Most of France’s electricity is currently generated from nuclear plants, a situation that puts producers and government against those organisations that defend the environment and criticise the level of radioactive waste being produced.
In 2018 the French government approved the National Hydrogen Plan with the aim of boosting the deployment of hydrogen in industry and mobility. “Hydrogen can become one of the pillars of a carbon-neutral energy model. This molecule, which contains a lot of energy, will be essential given the magnitude of its properties: it can store electricity, power cars, recycle carbon dioxide (CO2) and make industrial processes cleaner,” said the then Minister of Ecological Transition, Nicolas Hulot, during the presentation ceremony.
Although Hulot no longer holds the energy portfolio in France, interest in this new form of energy has only grown. For example, last September, France deployed its first hydrogen-powered passenger bus, and at the end of 2019, the Auvergne-Rhône-Alpes region committed 200 million euros to the development of 1,000 hydrogen vehicles and 15 electrolysers.
Although hydrogen appears to be a fantastic medium-term solution, it has yet to overcome certain obstacles. In France hydrogen is currently produced mainly from oil and gas, and is primarily used for industrial purposes – about 3% of French emissions, according to the Ministry of Energy.
In its long-term energy plan, France aims to decarbonise industrial hydrogen production by approximately 10% by 2023, and in 2020 the country has set aside 100 million euros to encourage its use, specifically in transport.
“ The French legislative initiatives in support of the development of this technology can be added to European initiatives, which together are creating a suitable scenario.” (Philippe Boucly).
The French Association for the Development of Hydrogen and Fuel Cells (AFHYPAC) highlights the boost that countries all over the world are giving to hydrogen development, while pointing out that France is also joining this trend: “All French regions, without exception, have become aware of the interest in hydrogen as a solution to different challenges: transport decarbonisation, air quality, energy transition and economic development. Therefore, they are gradually establishing hydrogen development strategies that are accompanied by financing plans”.
Philippe Boucly, president of AFHYPAC, points out in the document Hydrogen in France that the French legislative initiatives in support of the development of this technology can be added to European initiatives, which together are creating a suitable scenario.
“The European Commission has recognised hydrogen as a strategic value chain, paving the way for the development of Important Projects of Common European Interest (IPCEI). The conditions are there: high level political commitment, a clear and appropriate legislative framework, the declining cost of electricity from renewable energies, as well as the lower cost of hydrogen technologies, which allow growth in various uses such as industry, mobility and networks. For the French hydrogen industry, the time has come,” says Boucly.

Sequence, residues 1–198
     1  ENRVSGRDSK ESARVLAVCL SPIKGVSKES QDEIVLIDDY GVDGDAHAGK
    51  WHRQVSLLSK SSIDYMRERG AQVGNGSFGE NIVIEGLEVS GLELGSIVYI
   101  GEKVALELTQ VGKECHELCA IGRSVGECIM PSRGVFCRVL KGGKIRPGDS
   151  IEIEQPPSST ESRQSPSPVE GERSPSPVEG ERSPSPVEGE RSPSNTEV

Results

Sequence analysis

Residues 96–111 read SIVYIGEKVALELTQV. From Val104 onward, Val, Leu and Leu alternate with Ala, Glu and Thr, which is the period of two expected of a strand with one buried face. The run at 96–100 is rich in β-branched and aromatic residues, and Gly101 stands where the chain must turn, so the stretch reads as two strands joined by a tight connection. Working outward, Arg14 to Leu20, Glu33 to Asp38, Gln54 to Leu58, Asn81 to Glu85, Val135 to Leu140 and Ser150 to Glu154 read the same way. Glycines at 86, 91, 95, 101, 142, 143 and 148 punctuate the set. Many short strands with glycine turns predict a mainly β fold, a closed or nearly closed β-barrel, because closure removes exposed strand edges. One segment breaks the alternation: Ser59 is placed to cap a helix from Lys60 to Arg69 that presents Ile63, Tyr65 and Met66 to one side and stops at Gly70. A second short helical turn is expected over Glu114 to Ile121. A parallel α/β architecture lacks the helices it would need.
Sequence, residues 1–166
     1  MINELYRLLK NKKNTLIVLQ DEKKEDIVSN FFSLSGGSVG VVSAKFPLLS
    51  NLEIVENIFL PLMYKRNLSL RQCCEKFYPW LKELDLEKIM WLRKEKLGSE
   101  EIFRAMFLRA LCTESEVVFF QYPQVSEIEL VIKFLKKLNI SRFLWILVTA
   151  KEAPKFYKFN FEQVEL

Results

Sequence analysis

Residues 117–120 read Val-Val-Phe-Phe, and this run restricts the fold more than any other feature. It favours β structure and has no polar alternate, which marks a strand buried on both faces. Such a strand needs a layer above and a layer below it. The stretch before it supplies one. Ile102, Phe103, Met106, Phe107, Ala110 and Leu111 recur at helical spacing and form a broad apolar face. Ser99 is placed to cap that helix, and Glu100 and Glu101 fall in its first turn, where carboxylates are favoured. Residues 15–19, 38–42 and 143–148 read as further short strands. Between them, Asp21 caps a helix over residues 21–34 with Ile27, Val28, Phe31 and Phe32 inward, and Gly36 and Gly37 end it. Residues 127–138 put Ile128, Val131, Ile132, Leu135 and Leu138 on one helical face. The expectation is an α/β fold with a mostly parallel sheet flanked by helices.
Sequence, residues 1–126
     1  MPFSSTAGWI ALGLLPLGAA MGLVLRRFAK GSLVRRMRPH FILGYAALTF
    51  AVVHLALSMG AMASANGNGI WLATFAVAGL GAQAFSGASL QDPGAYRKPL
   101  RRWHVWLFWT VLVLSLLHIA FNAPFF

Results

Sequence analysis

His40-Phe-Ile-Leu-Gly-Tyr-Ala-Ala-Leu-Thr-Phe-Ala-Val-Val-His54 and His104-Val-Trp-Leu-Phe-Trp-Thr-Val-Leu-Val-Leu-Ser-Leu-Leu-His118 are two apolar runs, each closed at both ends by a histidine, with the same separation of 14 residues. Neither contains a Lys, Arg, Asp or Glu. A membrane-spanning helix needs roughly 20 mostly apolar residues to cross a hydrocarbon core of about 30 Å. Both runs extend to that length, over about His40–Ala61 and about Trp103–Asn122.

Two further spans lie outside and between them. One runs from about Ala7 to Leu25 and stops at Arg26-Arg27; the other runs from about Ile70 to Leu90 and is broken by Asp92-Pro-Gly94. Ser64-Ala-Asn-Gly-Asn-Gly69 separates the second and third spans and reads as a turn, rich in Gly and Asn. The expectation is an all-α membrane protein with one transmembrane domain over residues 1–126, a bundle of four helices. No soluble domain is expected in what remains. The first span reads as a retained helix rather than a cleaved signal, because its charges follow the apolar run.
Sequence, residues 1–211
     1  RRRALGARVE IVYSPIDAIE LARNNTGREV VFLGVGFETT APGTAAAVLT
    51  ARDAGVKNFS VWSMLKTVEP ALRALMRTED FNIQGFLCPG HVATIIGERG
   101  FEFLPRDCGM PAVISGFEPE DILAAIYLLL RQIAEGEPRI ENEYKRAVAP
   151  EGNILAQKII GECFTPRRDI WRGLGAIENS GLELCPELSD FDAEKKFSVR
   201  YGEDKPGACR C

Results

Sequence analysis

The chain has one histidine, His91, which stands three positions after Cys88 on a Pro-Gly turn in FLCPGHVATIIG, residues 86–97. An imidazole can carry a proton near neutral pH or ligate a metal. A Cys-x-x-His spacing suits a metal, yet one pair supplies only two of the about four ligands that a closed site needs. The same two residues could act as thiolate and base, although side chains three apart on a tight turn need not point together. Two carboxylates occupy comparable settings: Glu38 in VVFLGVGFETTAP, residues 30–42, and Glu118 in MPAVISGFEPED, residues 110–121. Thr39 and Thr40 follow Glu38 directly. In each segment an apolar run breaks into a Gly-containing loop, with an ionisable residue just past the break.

In recent months, this commitment has been translated into concrete actions.
Renault has made public its support for hydrogen and launched a range of vehicles powered exclusively by hydrogen. They are cleaner, have extended their range from 120 km to 350 km, and offer lower recharging times compared to the electric car. “Our models run on decarbonised energy that respects the environment and offers all the comfort of electric driving,” says Denis Le Vot, head of the French company.
On the other hand, a European consortium is carrying out a hydrogen installation in the Nouvelle-Aquitaine region (Hyflexpower project) in which it has invested 15.2 million euros. The alliance is formed by the French electricity company Engie, the consulting firm also includes Arttic, the German Aerospace Centre, the Siemens Gas and Power business and the British gas turbine generator manufacturer Centrax.
The consortium was created with the aim of demonstrating that hydrogen can be produced and stored from renewable electricity and then blended up to 100% with the natural gas currently used with combined heat and power plants. Its promoters think they could save up to 65,000 tonnes of CO2 emissions every year.
A third success story is from the city of Pau in southern France, which was the first city in the world to implement the hydrogen-powered BRT (Bus Rapid Transit) system. Under the name Fébus, eight hydrogen buses will be part of the city’s public transport network.
Finally, at the end of 2019, the Burgundy region mobilised in favour of the massive deployment of hydrogen. On 15 November, the Governing Council adopted a hydrogen roadmap covering the period 2020-2030 with financial support of 90 million euros. These investments will be largely oriented towards the acquisition of hydrogen trains for the Auxerre – Migennes line and other projects in the areas of Dijon, Auxerre and Belfort.